Full Coverage Auto Insurance Myth

Many think they carry “full coverage” on their car insurance policy; however, in reality there is no such thing as full coverage auto insurance. A full coverage policy is typically one that includes several types of car insurance coverage that, as a whole, provide a solid level of protection in case of an accident.

What Does “Full Coverage” Mean?

While there is no car insurance coverage that goes by the name “full coverage,” most individuals think of full coverage as a policy that combines the following:

  • State-required liability or no-fault insurance coverage to cover bodily injury and property damages to others in an accident you cause.
  • Collision coverage to pay for damages to your vehicle in the event of an accident.
  • Comprehensive coverage, which is designed to cover vandalism, theft, and other damages that are not the result of an accident.

Even with this, the details and amount of protection will vary by the company issuing the policy. You need to ask about the details and read the fine print carefully.

Additional Coverages to Consider

Instead of relying on a “full coverage” policy, ask yourself what coverage and limits best meet your needs. There are numerous other types of car insurance coverage that will offer you additional protection in case of an accident or other unfortunate situation.

  • Uninsured/ Underinsured Motorist Protection – This helps you cover your costs if you get hit by a driver with no insurance or insufficient insurance coverage.
  • Medical Payments Coverage – You can use this coverage to pay for your medical costs after a car accident, even if you were at fault.
  • Rental Reimbursement – If you’re in an accident and your car is in repair, this coverage can cover your rental costs while you wait.
  • Emergency Road Service – You can use this coverage if your car breaks down on the road and you need towing or labor.
  • Customized Parts and Equipment – If you’ve enhanced your vehicle with expensive equipment, this coverage will help you with the cost of damages to your custom parts.
  • Gap Insurance – If your car is totaled in an accident, this coverage helps pay the balance between the amount you owe on your loan or lease and the car’s estimated actual cash value.

Different Policy Coverages

Bodily Injury Liability (BI) Coverage: pays for death or serious and permanent injury to others when you are legally liable for those damages. If an insured is sued, the insurance company can provide legal representation.

Property Damage Liability (PD) Coverage: pays for damages that an insured is legally liable for resulting in the physical damage to, or destruction of, tangible property of another, including loss of use. If an insured is sued, the insurance company can provide legal representation. Florida law requires a minimum of $10,000 in this coverage.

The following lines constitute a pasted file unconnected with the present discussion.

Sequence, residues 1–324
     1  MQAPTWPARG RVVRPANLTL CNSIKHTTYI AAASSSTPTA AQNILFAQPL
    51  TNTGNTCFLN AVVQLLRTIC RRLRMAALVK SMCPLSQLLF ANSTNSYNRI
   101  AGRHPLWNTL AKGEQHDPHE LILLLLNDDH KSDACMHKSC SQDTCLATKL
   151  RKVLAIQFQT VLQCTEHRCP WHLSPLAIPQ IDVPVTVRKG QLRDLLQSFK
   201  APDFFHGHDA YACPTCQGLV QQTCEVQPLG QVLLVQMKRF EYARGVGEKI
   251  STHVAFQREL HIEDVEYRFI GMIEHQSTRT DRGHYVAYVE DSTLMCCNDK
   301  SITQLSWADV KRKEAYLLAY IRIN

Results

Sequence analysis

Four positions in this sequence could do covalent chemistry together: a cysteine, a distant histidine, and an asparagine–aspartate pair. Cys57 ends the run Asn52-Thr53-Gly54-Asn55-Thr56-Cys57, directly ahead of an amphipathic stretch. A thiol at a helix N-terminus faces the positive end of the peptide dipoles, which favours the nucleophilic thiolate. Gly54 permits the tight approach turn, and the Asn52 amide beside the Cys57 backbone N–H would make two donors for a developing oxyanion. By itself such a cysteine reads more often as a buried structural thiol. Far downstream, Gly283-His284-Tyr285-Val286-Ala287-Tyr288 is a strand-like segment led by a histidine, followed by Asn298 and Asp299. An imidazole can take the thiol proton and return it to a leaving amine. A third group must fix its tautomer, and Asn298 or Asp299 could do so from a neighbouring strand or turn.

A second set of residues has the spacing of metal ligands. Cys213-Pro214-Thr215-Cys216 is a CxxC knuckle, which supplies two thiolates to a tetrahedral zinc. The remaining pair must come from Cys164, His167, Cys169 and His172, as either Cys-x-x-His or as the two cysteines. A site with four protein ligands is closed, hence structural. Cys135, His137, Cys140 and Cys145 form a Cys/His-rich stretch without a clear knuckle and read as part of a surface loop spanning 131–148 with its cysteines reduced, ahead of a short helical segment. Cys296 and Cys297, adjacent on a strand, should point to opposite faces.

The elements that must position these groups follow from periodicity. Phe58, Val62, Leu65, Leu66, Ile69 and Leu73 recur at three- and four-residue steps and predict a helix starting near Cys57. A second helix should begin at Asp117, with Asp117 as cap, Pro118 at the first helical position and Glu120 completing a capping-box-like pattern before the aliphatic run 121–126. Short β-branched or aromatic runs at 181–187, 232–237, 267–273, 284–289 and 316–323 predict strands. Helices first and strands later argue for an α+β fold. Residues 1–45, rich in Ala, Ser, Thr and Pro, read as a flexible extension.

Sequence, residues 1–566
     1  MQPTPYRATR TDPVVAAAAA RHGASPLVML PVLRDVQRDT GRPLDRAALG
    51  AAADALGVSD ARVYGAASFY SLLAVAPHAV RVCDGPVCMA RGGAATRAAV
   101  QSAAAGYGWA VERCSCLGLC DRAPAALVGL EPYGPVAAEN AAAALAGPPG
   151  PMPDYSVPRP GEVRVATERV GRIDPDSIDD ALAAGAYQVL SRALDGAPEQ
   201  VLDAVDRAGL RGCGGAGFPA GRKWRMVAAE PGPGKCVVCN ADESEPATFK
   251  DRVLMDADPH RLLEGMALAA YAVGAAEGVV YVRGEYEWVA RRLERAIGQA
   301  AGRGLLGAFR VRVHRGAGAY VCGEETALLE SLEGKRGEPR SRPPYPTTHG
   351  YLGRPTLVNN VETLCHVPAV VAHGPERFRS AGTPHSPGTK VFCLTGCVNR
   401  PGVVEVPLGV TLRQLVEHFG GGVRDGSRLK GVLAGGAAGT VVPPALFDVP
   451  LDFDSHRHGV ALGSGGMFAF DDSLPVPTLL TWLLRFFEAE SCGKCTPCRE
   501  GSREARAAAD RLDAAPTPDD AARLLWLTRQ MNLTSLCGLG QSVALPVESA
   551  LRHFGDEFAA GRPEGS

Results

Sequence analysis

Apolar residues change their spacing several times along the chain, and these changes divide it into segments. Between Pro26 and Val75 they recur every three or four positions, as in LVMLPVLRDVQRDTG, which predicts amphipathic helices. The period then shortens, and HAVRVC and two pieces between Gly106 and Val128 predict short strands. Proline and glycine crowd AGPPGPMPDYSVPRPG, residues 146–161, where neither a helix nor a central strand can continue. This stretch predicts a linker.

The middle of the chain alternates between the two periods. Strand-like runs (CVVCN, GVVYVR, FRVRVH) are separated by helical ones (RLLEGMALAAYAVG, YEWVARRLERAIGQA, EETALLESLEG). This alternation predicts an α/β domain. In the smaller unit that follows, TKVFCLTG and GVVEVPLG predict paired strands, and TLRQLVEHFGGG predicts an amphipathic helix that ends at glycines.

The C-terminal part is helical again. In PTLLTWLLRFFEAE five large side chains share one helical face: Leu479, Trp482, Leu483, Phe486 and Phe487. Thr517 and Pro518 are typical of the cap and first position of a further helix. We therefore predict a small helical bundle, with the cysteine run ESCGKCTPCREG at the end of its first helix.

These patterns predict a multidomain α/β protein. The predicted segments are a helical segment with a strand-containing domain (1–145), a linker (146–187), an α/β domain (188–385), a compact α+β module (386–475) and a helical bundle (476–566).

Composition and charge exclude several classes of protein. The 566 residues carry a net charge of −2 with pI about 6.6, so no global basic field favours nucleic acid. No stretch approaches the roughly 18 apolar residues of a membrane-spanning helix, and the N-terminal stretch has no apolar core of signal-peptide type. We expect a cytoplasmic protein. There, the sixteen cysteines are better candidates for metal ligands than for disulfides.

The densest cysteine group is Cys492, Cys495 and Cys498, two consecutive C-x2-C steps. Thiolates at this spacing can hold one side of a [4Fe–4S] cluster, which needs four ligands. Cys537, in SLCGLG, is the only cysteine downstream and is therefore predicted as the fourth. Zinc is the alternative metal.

Personal Injury Protection (PIP) Coverage: pays 80 percent of all necessary and reasonable medical expenses incurred as a result of a covered injury, regardless of who caused the accident. This includes medically necessary medical, surgical, x-ray, dental, and rehabilitative services, including prosthetic devices and medically necessary ambulance, hospital, and nursing services. Individuals must receive initial services and care within 14-days after the motor vehicle accident and payment is contingent on the covered person being diagnosed with an emergency medical injury. PIP also pays 60 percent of work loss and a $5,000 death benefit.

Uninsured/Underinsured Motorist (UM) Coverage: pays for an accidental bodily injury, sickness, or disease, including death, when such an injury is the result of an automobile accident and the at-fault party does not have Bodily Injury (BI) Coverage or has liability limits lower than what is needed.

Medical Payments (Med Pay) Coverage: pays reasonable expenses for necessary medical and funeral services due to a bodily injury or death sustained in an automobile accident, regardless of fault.

Comprehensive or Other than Collision Coverage: pays for damage to a vehicle from incidents other than a collision including: fire, theft, windstorm, vandalism or flood. It also covers damages caused by falling objects or from hitting an animal.

Collision Coverage: pays for repair or the actual cash value of the insured’s vehicle if it collides with another vehicle, flips over, or crashes into an object (except animals), regardless of who causes the accident.

Towing & Labor Coverage: provides coverage for emergency road service (at the scene) and towing up to the limits shown on the policy.

Rental Reimbursement: provides reimbursement for automobile rental up to a specified limit shown on the policy. It applies if the insured gets into an accident with their own automobile and can no longer drive it, and usually if the auto is stolen. Some insurance companies will have the insured rent/lease the replacement vehicle and then submit receipts for reimbursement.